Not Asking For It

Author Louise O’Neill speaks with Emily Horgan about her second book, Asking For It, which has the likes of Marian Keyes gushing praise and has sparked a national discussion on rape culture and consent.

 

Our culture often couples ‘rape’ with the idea of ‘blurred lines.’ Questions about alcohol intake, clothing, and past promiscuity pad out these perceived ‘grey areas,’ focusing more responsibility on the victim to explain why it was that he or she was assaulted than on the perpetrator themselves.

As with many things in Irish culture, discussions around sensitive topics such as victim blaming, consent, or lack thereof, have been what can only be described as sparsely addressed. Which makes it refreshing and important to discuss Cork born author Louise O’ Neill’s latest novel, Asking For It, which challenges the way society treats rape.

It seems the only ‘grey area’ in Asking For It is between what is truth and what is fiction – every incident throughout is uncomfortably mirrored with real life cases; young characters that could easily be our peers and emotions that are so sharply portrayed that they could be plucked from any teens’ subconscious. O’ Neill explains that it was an “accumulation of events” that urged her to write the novel.

“When I was finishing writing Only Ever Yours [O’ Neill’s first novel, whose rights have just been signed to Killer Content, an American TV/Film agency], I remembered Todd Akin, a politician from the US, was running for Senate at the time. He had been asked whether he thought abortion was acceptable in any circumstance. The person interviewing him asked him ‘What if a woman is raped?’, and he said ‘If it’s a legitimate rape, then the body has ways of shutting that down.”

This idea of there being two streams of rape is a controversial yet popular one in modern culture, with the likes of actress Whoopi Goldberg referring to the Roman Polanski case as “not rape-rape.”

Other sources that inspired Asking For It are the Steubenville and Maryland cases.

“The similarities between the two were so uncanny. Small tightly knit community in which the local football team were heroes. There was a party, too much to drink, a girl passed out and was gang raped by members of the football team and the photos were circulated on social media afterwards.”

It wasn’t this particular aspect of the cases that interested her the most, but the community’s blatant disregard for the victim and also the utter lack of comprehension that the men involved in these cases had around the crimes they committed.

“They seemed to have this sense of immortality and it was really indicative of that culture, that male entitlement to the female body that manifested itself.”

And while these cases seem to be a million miles away from our fair isle, O’Neill was quick to rectify any doubt that Ireland is any different in our approach to rape culture.

“In Ireland in 2009, 50 people, including a local priest, lined up outside a court to shake the hand of a man who had just been convicted of sexually assaulting a woman, right in front of the victim.  Back in 2003, another Kerry footballer went home with a girl and he said if a girl brings him home to her house and into her bed, that’s enough indication for him. She had bruising to her eyes, ears, stomach, pelvis; her front tooth was loose. The court put it down to ‘rough sex’ and he wasn’t prosecuted.”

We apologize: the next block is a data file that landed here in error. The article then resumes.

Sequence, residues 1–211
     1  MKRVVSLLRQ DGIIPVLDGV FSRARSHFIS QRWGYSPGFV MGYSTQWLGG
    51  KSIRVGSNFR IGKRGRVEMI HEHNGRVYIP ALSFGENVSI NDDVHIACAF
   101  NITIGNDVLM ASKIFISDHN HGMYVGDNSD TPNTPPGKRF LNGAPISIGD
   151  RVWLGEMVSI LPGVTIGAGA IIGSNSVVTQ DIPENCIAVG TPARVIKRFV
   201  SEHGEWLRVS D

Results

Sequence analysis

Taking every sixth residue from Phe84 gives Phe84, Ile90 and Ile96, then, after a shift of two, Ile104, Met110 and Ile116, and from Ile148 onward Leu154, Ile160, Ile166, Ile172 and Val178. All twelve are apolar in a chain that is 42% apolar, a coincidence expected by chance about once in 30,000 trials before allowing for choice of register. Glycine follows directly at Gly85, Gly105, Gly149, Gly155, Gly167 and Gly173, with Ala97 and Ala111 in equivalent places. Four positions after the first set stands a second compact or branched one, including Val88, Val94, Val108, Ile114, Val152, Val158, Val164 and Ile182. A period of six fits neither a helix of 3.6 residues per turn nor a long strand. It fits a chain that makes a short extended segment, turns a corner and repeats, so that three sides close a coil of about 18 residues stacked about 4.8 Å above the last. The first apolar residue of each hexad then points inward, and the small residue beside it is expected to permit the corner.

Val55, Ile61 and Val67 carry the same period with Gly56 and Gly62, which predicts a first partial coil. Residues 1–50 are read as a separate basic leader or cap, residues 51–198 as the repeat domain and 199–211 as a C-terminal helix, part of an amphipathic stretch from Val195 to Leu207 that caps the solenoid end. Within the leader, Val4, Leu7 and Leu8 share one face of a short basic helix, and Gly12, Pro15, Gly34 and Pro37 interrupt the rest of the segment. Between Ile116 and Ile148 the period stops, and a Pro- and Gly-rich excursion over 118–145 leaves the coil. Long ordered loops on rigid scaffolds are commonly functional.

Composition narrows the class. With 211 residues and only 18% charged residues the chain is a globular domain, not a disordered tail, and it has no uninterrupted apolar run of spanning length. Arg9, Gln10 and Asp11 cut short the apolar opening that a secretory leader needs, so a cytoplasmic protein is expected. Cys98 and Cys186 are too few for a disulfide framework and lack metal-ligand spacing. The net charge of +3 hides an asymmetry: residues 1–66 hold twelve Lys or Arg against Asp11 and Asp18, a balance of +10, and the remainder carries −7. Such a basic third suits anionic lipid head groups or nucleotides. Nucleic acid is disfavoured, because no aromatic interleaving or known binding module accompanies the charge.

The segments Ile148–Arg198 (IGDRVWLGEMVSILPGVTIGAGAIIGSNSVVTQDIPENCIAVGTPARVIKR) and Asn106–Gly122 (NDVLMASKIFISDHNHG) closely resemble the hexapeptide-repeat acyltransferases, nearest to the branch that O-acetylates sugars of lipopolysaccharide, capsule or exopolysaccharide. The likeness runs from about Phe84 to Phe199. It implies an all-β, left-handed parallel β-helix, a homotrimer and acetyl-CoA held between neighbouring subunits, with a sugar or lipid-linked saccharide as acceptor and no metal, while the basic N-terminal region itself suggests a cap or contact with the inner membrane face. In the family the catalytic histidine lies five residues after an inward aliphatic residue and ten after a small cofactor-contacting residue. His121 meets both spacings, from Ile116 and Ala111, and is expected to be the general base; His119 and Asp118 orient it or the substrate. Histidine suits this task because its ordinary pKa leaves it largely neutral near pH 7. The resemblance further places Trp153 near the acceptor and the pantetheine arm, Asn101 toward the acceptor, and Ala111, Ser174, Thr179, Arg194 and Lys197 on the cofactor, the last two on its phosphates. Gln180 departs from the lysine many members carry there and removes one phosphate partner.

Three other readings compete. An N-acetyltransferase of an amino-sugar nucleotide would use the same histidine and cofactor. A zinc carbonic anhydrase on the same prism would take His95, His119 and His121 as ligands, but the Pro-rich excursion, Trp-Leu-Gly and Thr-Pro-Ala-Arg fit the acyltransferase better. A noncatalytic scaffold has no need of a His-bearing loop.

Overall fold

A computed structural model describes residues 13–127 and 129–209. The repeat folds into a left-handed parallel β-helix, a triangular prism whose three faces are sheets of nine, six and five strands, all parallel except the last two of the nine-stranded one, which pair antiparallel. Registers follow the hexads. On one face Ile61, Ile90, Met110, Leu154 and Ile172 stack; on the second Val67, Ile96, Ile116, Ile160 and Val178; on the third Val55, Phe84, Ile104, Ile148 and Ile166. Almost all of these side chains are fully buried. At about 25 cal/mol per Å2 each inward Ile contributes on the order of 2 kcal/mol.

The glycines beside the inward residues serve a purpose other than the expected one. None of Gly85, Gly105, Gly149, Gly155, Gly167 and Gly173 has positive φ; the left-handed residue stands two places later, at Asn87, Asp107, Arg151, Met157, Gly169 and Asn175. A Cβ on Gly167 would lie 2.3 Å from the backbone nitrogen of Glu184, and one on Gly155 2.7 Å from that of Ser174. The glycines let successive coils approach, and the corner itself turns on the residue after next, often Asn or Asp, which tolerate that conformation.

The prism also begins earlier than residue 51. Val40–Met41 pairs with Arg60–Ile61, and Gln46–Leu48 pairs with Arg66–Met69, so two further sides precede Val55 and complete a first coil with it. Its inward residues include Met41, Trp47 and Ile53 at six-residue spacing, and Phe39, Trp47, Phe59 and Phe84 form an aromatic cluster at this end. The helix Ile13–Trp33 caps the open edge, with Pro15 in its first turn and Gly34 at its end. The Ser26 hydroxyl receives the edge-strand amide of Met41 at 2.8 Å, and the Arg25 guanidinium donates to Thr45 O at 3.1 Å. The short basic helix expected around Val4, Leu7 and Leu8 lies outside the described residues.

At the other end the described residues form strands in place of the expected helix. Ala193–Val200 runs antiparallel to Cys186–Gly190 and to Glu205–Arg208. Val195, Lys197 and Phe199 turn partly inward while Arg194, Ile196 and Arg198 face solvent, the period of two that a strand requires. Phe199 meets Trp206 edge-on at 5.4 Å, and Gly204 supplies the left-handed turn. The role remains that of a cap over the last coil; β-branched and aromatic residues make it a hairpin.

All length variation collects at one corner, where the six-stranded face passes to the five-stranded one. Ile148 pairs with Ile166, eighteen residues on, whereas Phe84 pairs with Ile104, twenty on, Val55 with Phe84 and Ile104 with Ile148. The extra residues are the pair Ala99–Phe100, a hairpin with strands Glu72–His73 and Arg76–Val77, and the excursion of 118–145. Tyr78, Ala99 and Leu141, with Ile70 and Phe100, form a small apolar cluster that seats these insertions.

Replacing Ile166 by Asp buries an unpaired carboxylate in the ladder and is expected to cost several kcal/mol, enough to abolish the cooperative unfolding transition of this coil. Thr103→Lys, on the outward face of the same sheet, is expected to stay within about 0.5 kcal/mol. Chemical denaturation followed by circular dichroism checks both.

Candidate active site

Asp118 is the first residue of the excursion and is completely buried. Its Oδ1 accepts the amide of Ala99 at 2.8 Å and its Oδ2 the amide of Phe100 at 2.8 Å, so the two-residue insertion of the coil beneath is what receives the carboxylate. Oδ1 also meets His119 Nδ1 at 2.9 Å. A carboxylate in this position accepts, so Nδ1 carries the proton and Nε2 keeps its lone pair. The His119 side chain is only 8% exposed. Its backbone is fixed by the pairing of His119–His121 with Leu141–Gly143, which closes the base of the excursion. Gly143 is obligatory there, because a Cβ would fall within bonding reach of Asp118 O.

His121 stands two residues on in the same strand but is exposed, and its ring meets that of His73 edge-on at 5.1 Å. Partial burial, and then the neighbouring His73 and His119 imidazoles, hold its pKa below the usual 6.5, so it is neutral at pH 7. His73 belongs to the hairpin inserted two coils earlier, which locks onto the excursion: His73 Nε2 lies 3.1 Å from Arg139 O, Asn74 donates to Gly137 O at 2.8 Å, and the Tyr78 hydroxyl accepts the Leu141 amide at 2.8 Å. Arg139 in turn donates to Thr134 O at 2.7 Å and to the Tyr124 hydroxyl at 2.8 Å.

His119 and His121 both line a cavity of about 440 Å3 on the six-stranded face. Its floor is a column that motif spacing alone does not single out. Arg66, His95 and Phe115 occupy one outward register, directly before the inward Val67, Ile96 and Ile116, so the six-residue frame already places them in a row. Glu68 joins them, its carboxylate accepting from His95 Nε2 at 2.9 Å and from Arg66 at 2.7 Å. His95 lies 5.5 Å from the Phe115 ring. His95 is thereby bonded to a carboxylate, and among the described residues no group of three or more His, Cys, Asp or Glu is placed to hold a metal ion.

And thus, O’Neill put pen to paper and wrote Asking For It, which, according to Marian Keyes’ recent article in The Irish Times is: “the most relevant, most exciting book about Ireland in a very long time”.

Emma, the protagonist, is a just turned 18 year old girl from a small fictional town in Cork. She is popular, intelligent, bitchy and promiscuous. After a night of drinking and drugs, she is raped by members of the local GAA team. O’ Neill explains that Emma’s drinking and drug taking is a crucial factor of the story.

“We’ve been brought up in a culture that encourages us to hold women to higher moral standards. We’ve been brought up in a culture that encourages us to believe that victims of sexual violence should have taken measures to ensure it never happened to them. 41% of Irish people [according to a study done by the Irish Examiner] believe that a woman is partially or fully responsible for her rape if she was drinking or taking drugs. So my intention was that while the reader is reading this, they nearly become complicit because the fact that some of her behaviour isn’t exactly sympathetic. Because she behaves in that way, the reader is almost complicit in blaming her.”

The morning after the night before, compromising images of Emma and the boys involved appear on social medias and being commented on and “liked” by peers. Frightening, dark and upsetting, Emma struggles to understand exactly what happened that night and how to handle the aftermath.

O’Neill’s novel tackles the most sensitive of topics in an intelligent and informed manner that gives justice to all of the cases the novel was inspired by. It is down to her writing voice, which has a way of carrying the reader through Emma’s darkest thoughts to the point of sheer immersion, that make the book so truly unsettling, unnerving and utterly important for readers of all ages.

“This is for people of all ages and people of both genders. Its an important issue that needs to be addressed in both young men and women because at the cusp of the book is the issue of consent. And that’s something that we need to be educating not just young women but young men, and men and women in general.”